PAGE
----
Tag Archives | Genetic Modification

First Therapy Approved That Corrects Errors In A Person’s Genetic Code

The day is approaching in which we will be GMOs. KurzweilAI recently reported:

European regulators have approved the first therapy in the western world that can correct errors in a person’s genetic code, according to Amsterdam-based uniQure.

Europe has approved Glybera for treatment of Lipoprotein Lipase Deficiency, a rare, inherited disease. Patients with LPLD are unable to metabolize the fat particles carried in their blood, which leads to inflammation of the pancreas (pancreatitis). Glybera introduces a normal, healthy LPL gene into the body so that it can make functional LPL protein.

Glybera will be available in the second half of 2013, according Glybera will be available in the second half of 2013, according to uniQure, which is preparing to apply for regulatory approval in the U.S., Canada, and other markets.

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Scientists Create Supersoldier Ants

One has to ask: can anything good come out of this? Via PhysOrg:

There are over 1100 species of Pheidole genus ants, and most individual ants belong to either the worker or soldier caste. In only eight of the Pheidole species, some individuals can belong to a “supersoldier” subcaste instead, and these ants fight off predatory army ant species and bar their way by blocking off the entrances to the nest using their over-sized heads. Now, scientists have managed to create supersoldiers in other species by reactivating ancestral genes.

supersoldier ant

The international team of scientists, led by Dr Ehab Abouheif of the Department of Biology at McGill University in Montreal, Canada, looked at the genomes of two ant species that produce supersoldiers. They identified the genetics behind the supersoldier caste and were able to activate the genes by treating ant larvae with methoprene, a growth hormone. As expected, the ant larvae became supersoldiers.

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Genetically Modified Cows Produce Milk Similar To Humans

DairyCowWill cows be feeding our newborns in the future? Genetically modified cows are now producing milk with similar properties of breast milk. Popular Science reports:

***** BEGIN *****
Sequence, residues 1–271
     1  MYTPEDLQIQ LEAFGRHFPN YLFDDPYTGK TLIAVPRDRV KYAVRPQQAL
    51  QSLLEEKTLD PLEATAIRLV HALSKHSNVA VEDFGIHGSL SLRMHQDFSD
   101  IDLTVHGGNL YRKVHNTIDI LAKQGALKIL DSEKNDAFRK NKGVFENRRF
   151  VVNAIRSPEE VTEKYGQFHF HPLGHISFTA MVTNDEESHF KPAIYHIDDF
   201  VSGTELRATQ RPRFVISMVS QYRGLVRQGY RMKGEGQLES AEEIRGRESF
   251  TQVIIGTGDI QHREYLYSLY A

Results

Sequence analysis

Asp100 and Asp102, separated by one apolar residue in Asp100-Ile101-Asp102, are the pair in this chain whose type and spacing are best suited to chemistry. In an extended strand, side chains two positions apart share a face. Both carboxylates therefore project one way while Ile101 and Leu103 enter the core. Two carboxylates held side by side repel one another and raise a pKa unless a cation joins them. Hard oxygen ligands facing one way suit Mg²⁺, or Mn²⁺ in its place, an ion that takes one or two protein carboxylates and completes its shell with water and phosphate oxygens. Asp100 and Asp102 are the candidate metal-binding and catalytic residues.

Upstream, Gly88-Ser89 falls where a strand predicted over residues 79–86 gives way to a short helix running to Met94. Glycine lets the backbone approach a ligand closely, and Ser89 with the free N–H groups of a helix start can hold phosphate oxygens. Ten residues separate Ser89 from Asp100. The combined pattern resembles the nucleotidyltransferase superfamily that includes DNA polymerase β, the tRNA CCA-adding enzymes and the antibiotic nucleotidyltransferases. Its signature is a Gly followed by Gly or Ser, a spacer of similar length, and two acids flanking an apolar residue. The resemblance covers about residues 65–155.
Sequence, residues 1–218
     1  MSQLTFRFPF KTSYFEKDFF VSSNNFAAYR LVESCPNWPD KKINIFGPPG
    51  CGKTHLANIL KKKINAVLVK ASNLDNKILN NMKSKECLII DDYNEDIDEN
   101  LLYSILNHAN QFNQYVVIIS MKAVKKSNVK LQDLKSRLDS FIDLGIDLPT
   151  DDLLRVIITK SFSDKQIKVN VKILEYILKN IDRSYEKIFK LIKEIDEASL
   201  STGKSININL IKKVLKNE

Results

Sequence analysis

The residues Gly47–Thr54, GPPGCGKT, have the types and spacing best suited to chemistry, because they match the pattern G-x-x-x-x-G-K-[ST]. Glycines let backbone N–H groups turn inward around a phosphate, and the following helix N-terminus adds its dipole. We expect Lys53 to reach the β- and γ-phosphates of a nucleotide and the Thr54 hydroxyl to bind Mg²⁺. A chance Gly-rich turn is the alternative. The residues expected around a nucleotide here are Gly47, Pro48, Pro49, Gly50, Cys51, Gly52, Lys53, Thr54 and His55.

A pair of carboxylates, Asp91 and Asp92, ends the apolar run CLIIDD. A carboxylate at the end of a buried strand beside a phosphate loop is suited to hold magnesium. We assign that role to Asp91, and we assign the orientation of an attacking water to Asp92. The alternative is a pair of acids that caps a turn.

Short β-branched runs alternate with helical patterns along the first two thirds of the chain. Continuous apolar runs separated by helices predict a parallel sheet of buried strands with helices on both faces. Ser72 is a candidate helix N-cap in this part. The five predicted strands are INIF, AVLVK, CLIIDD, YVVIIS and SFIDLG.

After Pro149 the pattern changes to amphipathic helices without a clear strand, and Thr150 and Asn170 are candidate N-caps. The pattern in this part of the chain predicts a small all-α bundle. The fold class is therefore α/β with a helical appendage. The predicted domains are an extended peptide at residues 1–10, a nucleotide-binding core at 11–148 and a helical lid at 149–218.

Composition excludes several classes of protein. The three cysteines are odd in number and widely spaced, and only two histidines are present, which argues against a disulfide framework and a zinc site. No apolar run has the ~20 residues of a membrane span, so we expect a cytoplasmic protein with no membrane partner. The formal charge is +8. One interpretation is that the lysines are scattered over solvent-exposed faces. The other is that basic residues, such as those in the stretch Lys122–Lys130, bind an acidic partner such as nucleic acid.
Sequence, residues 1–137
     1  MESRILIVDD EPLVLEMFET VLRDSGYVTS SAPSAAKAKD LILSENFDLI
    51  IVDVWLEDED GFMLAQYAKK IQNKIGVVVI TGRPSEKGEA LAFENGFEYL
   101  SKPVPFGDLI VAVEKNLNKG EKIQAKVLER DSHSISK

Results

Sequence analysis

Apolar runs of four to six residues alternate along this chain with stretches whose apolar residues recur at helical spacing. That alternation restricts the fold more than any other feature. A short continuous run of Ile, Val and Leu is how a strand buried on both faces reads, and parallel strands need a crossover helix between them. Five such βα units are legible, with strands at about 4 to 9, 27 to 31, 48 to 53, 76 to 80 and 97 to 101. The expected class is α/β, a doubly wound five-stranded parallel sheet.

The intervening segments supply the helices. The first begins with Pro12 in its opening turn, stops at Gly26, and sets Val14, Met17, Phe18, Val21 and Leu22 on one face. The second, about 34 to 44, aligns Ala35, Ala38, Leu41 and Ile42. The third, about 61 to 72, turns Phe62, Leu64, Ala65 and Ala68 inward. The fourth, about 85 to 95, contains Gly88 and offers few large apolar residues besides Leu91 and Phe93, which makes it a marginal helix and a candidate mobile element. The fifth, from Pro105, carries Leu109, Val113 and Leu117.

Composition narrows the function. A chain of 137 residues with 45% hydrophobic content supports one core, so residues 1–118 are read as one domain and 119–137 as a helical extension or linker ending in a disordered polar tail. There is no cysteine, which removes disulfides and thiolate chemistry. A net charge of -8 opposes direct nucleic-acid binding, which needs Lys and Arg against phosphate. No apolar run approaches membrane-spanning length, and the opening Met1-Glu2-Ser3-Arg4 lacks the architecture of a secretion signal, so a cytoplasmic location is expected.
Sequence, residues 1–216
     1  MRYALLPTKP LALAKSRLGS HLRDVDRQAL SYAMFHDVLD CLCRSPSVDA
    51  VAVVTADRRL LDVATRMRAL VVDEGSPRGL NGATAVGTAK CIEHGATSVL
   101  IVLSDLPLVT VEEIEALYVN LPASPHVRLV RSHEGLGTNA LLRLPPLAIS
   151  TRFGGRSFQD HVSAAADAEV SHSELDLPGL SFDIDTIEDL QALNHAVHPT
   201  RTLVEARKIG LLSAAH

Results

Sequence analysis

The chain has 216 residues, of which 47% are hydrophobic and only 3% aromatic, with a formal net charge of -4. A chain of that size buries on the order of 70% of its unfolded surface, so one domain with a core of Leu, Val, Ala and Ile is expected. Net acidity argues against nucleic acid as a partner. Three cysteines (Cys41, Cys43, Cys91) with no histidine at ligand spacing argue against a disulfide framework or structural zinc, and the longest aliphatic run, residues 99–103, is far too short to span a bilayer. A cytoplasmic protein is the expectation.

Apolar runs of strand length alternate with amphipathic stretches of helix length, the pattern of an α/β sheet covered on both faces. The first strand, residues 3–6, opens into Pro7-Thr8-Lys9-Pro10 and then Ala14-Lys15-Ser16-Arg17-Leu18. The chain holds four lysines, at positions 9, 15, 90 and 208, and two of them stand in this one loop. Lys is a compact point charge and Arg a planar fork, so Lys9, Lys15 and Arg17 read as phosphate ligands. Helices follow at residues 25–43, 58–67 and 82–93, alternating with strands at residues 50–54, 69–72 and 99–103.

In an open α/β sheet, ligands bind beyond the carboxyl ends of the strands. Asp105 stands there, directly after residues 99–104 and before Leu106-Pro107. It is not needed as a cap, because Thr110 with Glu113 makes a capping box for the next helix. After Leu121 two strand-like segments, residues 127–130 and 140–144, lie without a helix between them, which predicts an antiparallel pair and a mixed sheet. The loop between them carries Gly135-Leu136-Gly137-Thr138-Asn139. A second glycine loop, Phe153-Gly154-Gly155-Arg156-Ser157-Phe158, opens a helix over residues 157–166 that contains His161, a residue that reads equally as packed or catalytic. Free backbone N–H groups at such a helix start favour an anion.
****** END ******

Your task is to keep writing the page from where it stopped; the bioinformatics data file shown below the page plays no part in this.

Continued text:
In a potential new step for genetically modified food, babies could someday drink human-like milk derived from herds of genetically modified dairy cows, which scientists say could supplement breast milk and replace baby formula.

Scientists have created 300 cows that produce milk with some of the properties of human breast milk, including lysozyme, which fights bacteria and improves infants’ immune systems in their first few days of life.

Researchers in China introduced genes that express human lysozyme (also called HLZ) and other human proteins into Holstein cattle embryos, and implanted the embryos into surrogate cows. When the GM cows started lactating, their milk contained HLZ and two other proteins.

Using a new purification process, the researchers were apparently able to make the milk taste more human — they increased its fat content and changed the amounts of milk solids, according to the Telegraph.

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Churkey: The Neck Of A Turkey And The Body Of A Chicken

Erdelyi_fekete_kopasznyakuThe Churkey, also known as a turken or naked neck chicken, has a unique genetic modification which gives the bird its unusual look. Scientists believe this species could help in understanding the evolutionary progression of such birds as the vulture. Also, with it’s featherless neck, the bird proves potential for underdeveloped countries in hot climates. BBC reports:

The “churkey” owes its distinctive look to a complex genetic mutation, according to scientists.

Experts at Edinburgh University set out to discover how the Transylvanian naked neck chicken came by its appearance.

The bird, which has also been dubbed the turken, has the neck of a turkey and the body of a chicken.

The scientists said the effects of the genetic mutation were enhanced by a vitamin A-derived substance produced around the bird’s neck.

This causes a protein, BMP12, to be produced, suppressing feather growth and causing the bird to have its bald neck, according to researchers at the Roslin Institute at Edinburgh University.

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